RBC helps find new Olympians for Canada Olympics not sweating NHL move L.A., Paris bids straddle delicate line NHL unifying community efforts Rule 40 waivers in play for 2018 How IOC’s deals share the wealth Toyota goes deep with Team USA Will USOC sponsor losses cost athletes? Snowfall gives USSA some cool savings 24 Hour Fitness renews USOC sponsorship
Upcoming Conferences and Events
May 31 - Jun 1
SBJ/June 25 - July 1, 2001/Special Report
Sponsor targets: Replace one, re-sign others
Published June 25, 2001
NHL Enterprises enters the league's off-season looking to replace one corporate partner while negotiating renewals with several others.
"The strategy we've always had is fewer, broader, bigger relationships," said Andrew Judelson, vice president of corporate marketing for NHL Enterprises, the league's sponsorship and marketing arm.
League marketing officials said they hope to keep the number of NHL corporate partners around 20, as it's been the last several years.
As anticipated, the NHL's long-standing association with IBM Corp. ends this summer. That relationship had centered on the league's Web site when it was a jointly owned and operated venture known as NHL ICE. That changed when the NHL initiated a buyout from IBM and seized control of the site about two years ago.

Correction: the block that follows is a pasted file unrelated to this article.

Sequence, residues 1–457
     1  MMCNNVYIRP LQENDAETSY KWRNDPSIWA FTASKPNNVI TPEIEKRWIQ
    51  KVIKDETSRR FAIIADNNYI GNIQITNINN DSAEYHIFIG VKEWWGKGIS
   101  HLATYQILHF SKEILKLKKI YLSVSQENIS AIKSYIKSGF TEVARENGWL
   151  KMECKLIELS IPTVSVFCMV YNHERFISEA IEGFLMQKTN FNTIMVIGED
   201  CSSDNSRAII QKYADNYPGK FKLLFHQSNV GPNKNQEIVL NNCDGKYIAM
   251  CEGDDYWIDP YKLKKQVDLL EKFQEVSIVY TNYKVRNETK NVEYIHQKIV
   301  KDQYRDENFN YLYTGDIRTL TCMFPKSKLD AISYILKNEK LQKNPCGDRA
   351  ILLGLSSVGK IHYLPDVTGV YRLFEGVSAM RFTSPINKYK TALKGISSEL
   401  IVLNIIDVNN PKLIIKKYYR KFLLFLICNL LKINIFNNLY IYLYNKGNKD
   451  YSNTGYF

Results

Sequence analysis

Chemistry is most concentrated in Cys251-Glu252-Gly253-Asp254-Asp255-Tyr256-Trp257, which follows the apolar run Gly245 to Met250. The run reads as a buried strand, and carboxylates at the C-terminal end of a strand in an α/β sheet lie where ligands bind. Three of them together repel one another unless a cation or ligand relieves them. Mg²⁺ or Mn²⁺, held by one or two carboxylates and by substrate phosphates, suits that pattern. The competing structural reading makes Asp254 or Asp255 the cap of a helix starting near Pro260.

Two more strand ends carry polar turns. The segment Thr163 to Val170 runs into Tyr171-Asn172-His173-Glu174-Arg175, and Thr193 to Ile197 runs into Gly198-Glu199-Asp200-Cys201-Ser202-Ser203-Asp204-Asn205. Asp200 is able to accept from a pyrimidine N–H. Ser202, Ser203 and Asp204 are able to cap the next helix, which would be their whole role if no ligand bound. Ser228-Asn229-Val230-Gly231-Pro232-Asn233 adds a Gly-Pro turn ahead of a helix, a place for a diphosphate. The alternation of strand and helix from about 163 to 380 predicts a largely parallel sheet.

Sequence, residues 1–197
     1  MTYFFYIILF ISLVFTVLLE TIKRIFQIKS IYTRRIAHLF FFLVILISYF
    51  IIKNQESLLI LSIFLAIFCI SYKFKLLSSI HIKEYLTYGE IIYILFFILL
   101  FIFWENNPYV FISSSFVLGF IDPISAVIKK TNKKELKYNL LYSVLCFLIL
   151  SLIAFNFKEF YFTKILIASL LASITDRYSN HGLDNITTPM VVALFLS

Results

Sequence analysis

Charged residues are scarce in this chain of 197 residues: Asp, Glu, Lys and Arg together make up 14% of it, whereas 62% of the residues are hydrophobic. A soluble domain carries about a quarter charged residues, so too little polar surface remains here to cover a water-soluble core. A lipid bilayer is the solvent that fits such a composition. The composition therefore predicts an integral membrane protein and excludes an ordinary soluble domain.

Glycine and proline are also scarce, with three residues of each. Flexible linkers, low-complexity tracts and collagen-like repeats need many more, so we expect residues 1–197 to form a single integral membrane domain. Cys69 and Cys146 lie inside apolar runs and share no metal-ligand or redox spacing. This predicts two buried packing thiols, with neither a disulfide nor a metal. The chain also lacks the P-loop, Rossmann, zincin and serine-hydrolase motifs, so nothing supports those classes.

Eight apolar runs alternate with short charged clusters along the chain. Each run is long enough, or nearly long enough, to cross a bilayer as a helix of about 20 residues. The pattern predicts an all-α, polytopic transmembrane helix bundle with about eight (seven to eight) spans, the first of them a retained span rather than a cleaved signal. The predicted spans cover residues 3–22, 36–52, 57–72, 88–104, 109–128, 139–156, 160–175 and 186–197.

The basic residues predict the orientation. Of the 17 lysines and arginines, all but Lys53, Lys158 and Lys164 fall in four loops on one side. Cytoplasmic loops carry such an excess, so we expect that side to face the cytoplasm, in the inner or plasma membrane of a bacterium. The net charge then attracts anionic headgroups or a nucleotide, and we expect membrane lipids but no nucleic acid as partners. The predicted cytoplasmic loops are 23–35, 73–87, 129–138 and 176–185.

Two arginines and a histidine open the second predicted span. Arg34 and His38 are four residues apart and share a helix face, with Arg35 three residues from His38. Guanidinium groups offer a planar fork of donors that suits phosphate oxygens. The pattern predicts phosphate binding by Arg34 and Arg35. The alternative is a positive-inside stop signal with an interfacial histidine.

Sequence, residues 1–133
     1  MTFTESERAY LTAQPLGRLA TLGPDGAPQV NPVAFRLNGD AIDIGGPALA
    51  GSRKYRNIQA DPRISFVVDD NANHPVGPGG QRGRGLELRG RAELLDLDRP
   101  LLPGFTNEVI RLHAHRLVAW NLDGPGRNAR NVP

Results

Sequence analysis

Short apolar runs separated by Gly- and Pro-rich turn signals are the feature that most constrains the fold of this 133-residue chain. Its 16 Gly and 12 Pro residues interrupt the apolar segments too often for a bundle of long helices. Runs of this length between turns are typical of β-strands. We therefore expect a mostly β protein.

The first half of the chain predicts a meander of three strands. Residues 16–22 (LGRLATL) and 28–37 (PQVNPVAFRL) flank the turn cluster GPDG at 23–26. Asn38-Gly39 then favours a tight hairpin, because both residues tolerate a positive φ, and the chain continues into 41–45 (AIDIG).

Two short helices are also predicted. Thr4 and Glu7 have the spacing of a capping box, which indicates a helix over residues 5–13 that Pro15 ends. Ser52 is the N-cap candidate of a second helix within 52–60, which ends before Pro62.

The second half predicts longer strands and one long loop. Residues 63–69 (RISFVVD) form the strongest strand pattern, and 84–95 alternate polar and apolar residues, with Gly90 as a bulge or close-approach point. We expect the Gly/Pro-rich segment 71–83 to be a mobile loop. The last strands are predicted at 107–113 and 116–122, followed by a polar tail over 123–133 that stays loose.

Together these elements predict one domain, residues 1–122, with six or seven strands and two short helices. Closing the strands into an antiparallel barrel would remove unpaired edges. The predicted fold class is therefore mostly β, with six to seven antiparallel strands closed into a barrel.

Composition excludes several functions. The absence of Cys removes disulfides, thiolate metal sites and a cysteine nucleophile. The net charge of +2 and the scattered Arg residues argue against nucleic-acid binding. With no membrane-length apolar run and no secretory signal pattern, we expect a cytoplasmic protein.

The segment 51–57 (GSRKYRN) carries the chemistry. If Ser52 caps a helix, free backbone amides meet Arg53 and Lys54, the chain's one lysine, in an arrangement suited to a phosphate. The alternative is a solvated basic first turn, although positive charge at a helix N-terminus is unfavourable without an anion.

While IBM fulfilled its obligations as a marketing partner, Judelson said, both sides agreed six months ago that it no longer fit either party's business strategy to continue since the Web site is now solely operated by the league.
A league official said the NHL hopes to fill the computer hardware and software category being vacated by IBM this summer, but declined to comment on companies being targeted.
The NHL has signed a four-year renewal with the Coca-Cola Co. Judelson said he is confident the league will sign longtime sponsor Dodge to a new deal prior to next season as well.
The outlook is a bit murkier for Nortel Networks, which is in the midst of a CEO search and is dealing with a 75 percent drop in its stock price since last summer.
"We need to have people that are investing and promoting the game," said NHL Enterprises President Ed Horne, "and we're not sure yet whether they're going to have the ability to do that. We're going to have to feel that one out."
Nortel officials were unavailable for comment.
League officials also cite preparations for the 2002 Olympics in Salt Lake City as a priority for this summer. The NHL views the Games as a chance to concentrate marketing efforts on hockey's Big Six nations — Canada, Finland, Russia, Sweden, the Czech Republic and the United States — each of which will feature Olympic teams composed almost entirely of NHL players. Horne said a league marketing campaign spotlighting the NHL's Olympians will launch in the fall.
Adam Raider is a writer living in New York.